The future of FOAM is certainly bright. The community on Twitter, which utilizes #FOAMed, continues to grow in the number of influencers and consumers. As the community continues to expand, it’s likely that these materials will be more widely translated into other languages, providing wider access for those in other countries to the educational resources we enjoy so readily in the United States. The movement will undoubtedly continue to face the challenge of keeping a balance between guaranteeing accurate information and maintaining autonomy of content creators.

References:

  1. Chan TM, Grock A, Paddock M, Kulasegaram K, Yarris LM, Lin M. Examining Reliability and Validity of an Online Score (ALiEM AIR) for Rating Free Open Access Medical Education Resources. Ann Emerg Med. 2016 Dec;68(6):729-735. doi: 10.1016/j.annemergmed.2016.02.018. Epub 2016 Mar 29. PMID: 27033141.
  2. Chan TM, Stehman C, Gottlieb M, Thoma B. A short history of free open access medical education. the past, present, and future. ATS Scholar. 2020;1(2):87-100. https://doi.org/10.34197/ats-scholar.2020-0014PS. doi: 10.34197/ats-scholar.2020-0014PS.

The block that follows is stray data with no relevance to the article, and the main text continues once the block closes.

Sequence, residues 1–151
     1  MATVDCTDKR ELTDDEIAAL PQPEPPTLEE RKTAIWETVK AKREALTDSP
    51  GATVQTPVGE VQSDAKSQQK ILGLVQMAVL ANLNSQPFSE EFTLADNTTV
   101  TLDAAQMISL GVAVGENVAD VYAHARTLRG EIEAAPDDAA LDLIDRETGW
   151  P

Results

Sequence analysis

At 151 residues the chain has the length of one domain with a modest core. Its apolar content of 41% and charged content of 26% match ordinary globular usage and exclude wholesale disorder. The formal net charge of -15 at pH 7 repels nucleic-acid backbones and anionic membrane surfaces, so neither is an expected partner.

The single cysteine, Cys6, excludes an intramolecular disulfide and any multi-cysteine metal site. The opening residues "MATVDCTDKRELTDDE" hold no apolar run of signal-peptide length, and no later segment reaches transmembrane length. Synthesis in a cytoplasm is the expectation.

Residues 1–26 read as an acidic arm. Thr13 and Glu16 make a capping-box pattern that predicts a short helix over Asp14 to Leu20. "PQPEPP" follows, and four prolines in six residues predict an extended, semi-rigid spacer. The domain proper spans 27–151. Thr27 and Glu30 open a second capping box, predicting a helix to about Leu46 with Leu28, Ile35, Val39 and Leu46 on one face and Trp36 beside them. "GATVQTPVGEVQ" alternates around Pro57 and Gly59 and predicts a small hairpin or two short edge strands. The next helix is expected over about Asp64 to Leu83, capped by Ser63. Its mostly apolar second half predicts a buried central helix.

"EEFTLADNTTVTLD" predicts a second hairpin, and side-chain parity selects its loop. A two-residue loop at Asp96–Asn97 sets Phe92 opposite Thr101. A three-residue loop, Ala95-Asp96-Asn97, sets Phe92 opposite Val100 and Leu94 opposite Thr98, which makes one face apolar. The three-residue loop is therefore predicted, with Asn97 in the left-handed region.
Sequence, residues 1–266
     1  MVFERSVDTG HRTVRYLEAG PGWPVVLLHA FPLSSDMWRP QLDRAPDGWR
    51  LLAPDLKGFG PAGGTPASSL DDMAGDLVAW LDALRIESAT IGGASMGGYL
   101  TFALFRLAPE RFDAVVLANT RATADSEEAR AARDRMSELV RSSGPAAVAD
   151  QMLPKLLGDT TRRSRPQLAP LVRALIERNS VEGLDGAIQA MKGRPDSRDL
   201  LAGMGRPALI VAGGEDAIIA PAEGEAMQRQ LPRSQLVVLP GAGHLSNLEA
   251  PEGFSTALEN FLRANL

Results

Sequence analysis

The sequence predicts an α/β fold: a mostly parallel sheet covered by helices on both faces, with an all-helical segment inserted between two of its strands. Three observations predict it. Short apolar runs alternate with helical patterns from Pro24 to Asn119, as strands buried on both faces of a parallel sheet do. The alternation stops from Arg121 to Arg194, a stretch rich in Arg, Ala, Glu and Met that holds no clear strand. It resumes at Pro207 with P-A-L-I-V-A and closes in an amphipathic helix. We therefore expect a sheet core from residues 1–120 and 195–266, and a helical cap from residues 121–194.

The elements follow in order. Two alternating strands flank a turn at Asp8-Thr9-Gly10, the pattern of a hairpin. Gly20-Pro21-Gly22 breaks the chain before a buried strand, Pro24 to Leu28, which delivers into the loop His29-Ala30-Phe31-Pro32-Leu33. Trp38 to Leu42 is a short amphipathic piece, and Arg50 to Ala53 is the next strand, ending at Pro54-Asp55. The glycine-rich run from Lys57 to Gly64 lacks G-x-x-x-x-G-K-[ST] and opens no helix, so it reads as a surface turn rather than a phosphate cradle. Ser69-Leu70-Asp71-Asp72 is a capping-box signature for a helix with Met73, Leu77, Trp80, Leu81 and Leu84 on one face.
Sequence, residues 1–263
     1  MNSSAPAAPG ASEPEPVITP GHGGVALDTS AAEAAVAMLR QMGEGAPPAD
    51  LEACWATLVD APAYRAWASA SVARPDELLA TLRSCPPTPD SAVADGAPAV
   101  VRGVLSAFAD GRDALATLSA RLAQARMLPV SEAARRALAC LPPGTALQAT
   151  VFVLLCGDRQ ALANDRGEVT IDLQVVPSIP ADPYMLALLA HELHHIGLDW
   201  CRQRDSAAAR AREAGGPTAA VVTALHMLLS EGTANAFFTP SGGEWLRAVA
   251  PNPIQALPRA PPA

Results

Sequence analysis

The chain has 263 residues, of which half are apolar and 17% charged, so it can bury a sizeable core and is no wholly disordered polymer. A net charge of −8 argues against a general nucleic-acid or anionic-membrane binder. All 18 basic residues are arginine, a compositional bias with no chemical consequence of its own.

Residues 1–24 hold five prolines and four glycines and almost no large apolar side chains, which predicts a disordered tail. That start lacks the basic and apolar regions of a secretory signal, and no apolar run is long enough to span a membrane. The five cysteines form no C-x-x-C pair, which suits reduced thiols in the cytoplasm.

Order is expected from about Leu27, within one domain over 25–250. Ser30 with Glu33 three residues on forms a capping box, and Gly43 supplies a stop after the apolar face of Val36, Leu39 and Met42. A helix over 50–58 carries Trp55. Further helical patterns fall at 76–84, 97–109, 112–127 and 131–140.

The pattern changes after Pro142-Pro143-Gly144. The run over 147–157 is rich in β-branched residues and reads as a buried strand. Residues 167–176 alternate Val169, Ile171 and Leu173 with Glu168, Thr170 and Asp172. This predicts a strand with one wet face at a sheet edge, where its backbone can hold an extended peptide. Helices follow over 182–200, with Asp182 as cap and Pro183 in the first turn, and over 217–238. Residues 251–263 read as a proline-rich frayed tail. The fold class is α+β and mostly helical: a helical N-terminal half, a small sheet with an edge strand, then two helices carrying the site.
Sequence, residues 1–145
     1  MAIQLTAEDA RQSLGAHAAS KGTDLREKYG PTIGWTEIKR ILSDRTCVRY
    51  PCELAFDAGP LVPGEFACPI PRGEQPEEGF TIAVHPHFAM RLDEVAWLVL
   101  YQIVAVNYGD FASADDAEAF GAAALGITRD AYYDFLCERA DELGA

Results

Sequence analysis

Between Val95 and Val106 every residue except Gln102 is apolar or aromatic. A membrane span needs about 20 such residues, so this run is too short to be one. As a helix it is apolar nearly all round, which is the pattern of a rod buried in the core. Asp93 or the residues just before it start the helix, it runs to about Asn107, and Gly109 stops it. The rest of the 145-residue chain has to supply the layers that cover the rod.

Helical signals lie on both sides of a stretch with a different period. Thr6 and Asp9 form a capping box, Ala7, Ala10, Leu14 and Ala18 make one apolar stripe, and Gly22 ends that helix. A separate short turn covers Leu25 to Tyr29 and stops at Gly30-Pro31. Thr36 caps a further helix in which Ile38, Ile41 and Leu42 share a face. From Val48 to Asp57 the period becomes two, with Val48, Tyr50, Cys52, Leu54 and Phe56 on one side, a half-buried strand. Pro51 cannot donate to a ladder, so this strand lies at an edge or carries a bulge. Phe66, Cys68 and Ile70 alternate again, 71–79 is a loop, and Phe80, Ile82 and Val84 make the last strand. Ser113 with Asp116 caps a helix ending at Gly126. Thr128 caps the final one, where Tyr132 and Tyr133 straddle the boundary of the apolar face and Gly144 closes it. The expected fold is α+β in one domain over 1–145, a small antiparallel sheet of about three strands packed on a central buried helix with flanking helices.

3. Fallon T, Strout TD. Free Open Access Medical Education (FOAM) Resources in a Team-Based Learning Educational Series. West J Emerg Med. 2018;19(1):142-144. doi:10.5811/westjem.2017.11.35091
  4. “FOAMed: Emergency Medicine Cases Podcast & Interactive Blog.” Emergency Medicine Cases, 17 Mar. 2017, emergencymedicinecases.com/about/foamed/. 
  5. Zhi A, Husain A. Free open access medical education applications: a critical appraisal of techniques for quality assessment and content discovery. Clin Exp Emerg Med. 2019;6(1):93-95. doi:10.15441/ceem.17.292